People frequently write to me expressing a fatalistic idea that they have no choice but to be used and abused by the financial services sector because “What is a little guy to do? What choice do we have?” Much to the contrary, there are many things people of all sizes can do to help themselves.
It starts with the idea of self-reliance and self-control. It means saving a significant portion of our income each year. It means controlling spending even during boom times so that we have money to soften the inevitable slow times. It means paying off our homes as soon as possible (even if the interest is tax deductible), because it is simply better for our peace and financial security to live in a debt free home. It means avoiding personal debt. It means operating our businesses with as little credit as possible. It means not buying consumption goods because we can “afford” the monthly payment if we do not actually have the money to buy the item upfront. It means understanding that there is a world of difference between between “having income” and “having money”. Most spend as if they have the latter when in fact they only have the former, and if anything happens to their employment income, they find themselves unexpectedly in financial distress. It means accepting that no financial adviser, mutual fund or stock is going to make us financially secure. Only we can do that for ourselves through our choices and behavior.
As we build our savings nest egg, the focus must be on keeping the bulk of our capital safe and liquid. Investment risk that we chose to take must be carefully controlled, monitored and calculated based on rational probability assessments not perpetual blind hope. This includes not making any investment unless we have damage control rules in place from the outset.
Over the past 15 years as much of the world became under-saved and credit-addicted, individuals and countries came to depend on the wizards of finance for their survival. This is a huge mistake. The lessons of the credit crisis and our ongoing challenges remind that risk sellers have their own profits as their primary motivation. Their agenda is often directly in opposition to the best interests of ourselves and our family.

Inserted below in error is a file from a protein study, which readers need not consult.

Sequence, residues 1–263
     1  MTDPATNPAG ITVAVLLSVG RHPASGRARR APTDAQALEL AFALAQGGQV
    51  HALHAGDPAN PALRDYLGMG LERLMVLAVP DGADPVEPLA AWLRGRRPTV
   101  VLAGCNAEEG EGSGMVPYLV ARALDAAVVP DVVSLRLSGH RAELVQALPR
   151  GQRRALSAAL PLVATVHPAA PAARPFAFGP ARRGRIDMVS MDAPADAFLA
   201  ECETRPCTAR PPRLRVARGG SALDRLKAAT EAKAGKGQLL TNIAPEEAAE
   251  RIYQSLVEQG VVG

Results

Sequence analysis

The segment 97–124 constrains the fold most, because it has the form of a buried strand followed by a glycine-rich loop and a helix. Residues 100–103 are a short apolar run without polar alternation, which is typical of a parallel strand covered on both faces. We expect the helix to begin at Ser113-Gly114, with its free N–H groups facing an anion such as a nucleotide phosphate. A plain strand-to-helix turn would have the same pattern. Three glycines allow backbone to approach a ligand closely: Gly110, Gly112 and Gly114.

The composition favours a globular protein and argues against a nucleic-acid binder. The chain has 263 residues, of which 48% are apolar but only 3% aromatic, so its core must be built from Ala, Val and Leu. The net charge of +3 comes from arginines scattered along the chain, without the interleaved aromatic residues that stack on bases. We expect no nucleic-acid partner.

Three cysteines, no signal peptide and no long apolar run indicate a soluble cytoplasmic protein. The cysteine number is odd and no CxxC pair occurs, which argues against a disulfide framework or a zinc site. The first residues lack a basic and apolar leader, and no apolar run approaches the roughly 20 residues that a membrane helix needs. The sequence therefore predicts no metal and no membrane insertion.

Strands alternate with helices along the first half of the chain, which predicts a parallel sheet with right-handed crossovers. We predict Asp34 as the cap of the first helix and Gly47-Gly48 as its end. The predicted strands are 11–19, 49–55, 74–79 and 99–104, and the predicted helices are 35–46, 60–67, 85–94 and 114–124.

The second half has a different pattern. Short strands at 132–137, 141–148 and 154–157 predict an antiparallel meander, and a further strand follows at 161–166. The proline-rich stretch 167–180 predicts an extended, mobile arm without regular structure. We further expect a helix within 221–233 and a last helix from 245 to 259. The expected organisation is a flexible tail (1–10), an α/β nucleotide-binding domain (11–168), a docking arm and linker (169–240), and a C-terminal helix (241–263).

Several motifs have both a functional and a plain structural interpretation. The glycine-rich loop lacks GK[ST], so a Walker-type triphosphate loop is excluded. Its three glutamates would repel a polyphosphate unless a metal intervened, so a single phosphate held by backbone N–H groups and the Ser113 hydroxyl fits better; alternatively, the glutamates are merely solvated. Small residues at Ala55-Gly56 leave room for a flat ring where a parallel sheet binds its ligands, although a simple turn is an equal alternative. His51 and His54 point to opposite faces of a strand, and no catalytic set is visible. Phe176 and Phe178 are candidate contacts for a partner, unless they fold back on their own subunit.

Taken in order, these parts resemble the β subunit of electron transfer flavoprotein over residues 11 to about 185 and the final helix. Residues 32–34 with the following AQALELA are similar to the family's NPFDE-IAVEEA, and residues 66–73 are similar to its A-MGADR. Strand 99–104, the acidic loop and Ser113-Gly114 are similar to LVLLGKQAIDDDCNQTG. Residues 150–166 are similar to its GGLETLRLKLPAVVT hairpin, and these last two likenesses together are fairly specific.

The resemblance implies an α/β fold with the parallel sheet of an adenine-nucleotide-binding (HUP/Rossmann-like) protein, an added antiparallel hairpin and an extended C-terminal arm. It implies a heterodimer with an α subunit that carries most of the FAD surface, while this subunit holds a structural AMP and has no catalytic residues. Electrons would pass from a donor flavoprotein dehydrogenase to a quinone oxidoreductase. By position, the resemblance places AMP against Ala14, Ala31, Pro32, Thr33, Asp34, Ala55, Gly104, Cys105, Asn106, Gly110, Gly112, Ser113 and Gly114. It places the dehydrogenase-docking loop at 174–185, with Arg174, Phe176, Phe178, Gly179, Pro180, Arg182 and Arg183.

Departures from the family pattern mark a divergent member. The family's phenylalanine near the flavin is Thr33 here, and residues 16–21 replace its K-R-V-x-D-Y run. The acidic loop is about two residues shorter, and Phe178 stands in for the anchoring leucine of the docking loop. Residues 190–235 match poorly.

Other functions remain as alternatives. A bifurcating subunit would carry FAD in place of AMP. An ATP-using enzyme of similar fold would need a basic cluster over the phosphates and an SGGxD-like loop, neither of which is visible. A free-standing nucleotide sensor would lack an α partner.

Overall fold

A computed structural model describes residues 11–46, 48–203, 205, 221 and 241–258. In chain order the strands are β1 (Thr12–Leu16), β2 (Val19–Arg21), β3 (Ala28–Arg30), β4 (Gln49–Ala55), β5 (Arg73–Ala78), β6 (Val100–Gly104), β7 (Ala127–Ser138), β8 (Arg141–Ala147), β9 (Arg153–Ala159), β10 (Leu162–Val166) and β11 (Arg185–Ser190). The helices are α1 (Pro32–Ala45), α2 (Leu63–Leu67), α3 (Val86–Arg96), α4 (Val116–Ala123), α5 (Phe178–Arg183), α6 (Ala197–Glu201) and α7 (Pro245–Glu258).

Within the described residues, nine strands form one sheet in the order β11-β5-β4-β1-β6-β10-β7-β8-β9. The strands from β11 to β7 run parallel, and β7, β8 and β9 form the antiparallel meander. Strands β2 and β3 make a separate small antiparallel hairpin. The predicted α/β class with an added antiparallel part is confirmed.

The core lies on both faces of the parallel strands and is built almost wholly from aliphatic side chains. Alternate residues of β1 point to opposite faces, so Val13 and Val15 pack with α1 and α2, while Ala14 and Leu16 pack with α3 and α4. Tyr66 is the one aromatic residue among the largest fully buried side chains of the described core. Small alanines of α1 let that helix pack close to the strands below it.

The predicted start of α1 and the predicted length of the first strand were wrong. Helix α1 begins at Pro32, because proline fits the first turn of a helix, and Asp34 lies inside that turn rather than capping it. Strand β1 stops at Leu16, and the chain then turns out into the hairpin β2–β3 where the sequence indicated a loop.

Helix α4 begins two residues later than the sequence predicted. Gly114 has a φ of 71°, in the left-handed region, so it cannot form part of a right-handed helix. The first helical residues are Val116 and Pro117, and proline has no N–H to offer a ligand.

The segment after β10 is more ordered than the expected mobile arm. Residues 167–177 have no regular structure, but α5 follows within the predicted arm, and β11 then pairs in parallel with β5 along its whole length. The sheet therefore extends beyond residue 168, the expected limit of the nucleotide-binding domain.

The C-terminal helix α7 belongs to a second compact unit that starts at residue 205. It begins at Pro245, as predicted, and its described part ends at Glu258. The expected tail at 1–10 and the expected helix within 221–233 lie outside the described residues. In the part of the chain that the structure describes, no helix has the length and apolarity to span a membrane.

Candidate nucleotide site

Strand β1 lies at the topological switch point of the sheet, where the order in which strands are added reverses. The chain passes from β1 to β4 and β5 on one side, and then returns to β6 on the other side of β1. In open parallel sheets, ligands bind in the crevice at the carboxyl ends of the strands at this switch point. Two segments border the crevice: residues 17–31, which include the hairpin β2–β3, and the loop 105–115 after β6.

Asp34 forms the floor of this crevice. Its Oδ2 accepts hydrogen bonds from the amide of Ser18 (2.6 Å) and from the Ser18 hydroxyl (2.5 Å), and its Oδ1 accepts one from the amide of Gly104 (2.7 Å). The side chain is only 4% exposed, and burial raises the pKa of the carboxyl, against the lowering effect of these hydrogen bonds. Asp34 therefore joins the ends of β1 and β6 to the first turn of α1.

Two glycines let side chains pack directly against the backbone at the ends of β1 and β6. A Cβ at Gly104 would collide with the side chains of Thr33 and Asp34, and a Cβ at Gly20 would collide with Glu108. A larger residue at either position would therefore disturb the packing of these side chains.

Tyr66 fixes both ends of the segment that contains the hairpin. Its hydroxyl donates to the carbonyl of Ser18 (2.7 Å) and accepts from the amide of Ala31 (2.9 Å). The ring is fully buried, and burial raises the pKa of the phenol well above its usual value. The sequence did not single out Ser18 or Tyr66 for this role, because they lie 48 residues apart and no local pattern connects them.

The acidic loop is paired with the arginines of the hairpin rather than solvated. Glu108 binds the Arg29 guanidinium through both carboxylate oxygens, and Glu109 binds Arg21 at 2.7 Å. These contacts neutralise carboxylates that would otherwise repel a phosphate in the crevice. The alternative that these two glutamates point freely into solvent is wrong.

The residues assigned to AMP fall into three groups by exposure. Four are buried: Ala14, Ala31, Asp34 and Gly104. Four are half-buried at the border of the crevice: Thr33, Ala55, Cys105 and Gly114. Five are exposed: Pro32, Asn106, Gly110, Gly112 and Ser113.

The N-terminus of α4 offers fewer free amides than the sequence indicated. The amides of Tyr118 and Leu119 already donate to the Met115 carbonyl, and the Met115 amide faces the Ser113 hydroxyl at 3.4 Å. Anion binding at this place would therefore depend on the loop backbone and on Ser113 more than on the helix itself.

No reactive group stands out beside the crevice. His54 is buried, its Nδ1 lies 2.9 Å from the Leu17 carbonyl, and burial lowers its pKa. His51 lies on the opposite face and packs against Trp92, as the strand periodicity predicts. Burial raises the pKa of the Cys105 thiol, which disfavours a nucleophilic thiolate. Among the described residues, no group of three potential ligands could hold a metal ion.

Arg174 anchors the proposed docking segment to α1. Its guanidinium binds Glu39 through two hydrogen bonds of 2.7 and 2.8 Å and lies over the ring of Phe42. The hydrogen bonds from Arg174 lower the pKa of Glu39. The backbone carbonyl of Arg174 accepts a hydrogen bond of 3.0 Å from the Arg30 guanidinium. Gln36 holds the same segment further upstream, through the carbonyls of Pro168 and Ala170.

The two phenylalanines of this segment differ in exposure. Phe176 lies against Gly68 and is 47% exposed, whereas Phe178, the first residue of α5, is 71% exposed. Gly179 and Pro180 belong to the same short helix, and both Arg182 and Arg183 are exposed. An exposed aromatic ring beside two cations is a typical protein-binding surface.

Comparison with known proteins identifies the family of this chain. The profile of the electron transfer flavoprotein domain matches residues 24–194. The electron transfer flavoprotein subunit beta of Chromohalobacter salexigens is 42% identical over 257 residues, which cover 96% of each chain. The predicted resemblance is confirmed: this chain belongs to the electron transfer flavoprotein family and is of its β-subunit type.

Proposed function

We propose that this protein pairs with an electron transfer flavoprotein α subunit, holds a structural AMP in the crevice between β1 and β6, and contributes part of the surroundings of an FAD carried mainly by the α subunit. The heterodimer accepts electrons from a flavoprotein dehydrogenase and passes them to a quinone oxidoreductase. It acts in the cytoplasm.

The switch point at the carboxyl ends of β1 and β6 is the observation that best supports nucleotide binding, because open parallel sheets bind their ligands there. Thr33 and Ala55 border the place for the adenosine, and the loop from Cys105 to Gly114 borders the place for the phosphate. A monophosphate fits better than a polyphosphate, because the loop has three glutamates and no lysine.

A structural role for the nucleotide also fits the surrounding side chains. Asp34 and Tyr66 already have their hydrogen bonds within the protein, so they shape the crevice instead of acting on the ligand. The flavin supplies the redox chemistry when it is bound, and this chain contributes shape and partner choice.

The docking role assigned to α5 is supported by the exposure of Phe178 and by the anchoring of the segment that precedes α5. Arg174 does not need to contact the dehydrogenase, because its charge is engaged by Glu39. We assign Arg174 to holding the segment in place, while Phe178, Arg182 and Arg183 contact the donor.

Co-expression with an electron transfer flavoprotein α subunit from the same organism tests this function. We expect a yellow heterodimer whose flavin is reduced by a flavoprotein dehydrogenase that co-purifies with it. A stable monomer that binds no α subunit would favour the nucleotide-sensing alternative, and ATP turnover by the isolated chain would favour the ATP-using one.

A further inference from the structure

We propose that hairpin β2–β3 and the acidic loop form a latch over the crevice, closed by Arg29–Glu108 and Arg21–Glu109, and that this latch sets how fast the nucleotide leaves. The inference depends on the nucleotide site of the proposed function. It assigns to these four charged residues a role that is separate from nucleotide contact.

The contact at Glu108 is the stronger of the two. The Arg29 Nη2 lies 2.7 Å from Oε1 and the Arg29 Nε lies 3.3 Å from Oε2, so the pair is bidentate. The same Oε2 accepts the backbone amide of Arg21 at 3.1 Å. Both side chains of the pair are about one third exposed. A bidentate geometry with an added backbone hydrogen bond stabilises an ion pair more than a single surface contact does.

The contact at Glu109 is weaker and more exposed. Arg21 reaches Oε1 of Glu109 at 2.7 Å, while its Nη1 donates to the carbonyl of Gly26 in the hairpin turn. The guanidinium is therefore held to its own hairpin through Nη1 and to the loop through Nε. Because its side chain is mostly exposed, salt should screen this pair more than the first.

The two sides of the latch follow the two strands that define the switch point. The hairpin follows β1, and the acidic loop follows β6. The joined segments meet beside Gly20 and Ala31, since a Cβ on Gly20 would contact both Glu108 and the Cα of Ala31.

No one controls the future. Life is full of risk. The only control we have are our daily habits and decisions based on the facts and probabilities we are presented with. Living with financial discipline (debt free) and self-reliance is the best way to have a say in our outcomes.
In this vein, I found this story about the Apollo 11 astronauts inspiring. In the early days of the Apollo program – an astronaut’s mission into space was literally uninsurable.
“Back then astronaut captains made about $17,000 a year, NPR reports and a life insurance policy for Neil Armstrong would have run about $50,000 a year, or more than $300,000 in 2012 dollars…
So about a month before they were set to go to the moon, Neil Armstrong, Michael Collins, and Buzz Aldrin were locked into a Plexiglas room together and got busy providing for their families the only way they could — they signed hundreds of autographs.
In what would become a common practice, the guys signed their names on envelopes emblazoned with various space-related images. The ‘covers’ would, of course, become intensely valuable should the trio perish on the mission. They’re now often referred to as ” Apollo Insurance Covers.”
And to ensure the covers would hold maximum value, the crew put stamps on them, and sent them in a package to a friend, who dumped them all in the mail so they would be postmarked July 16, 1969 — the day of the mission’s success — or its failure.
Fortunately, the trip went off without a hitch and all three men went on to live long, healthy lives and all remained alive until Neil Armstrong’s death a few days ago.
The covers are still around, and not too hard to find. In 2011, Collectors Weekly pegged their average value at around $5,000.”
Brilliant. See: Neil Armstrong couldn’t afford life insurance.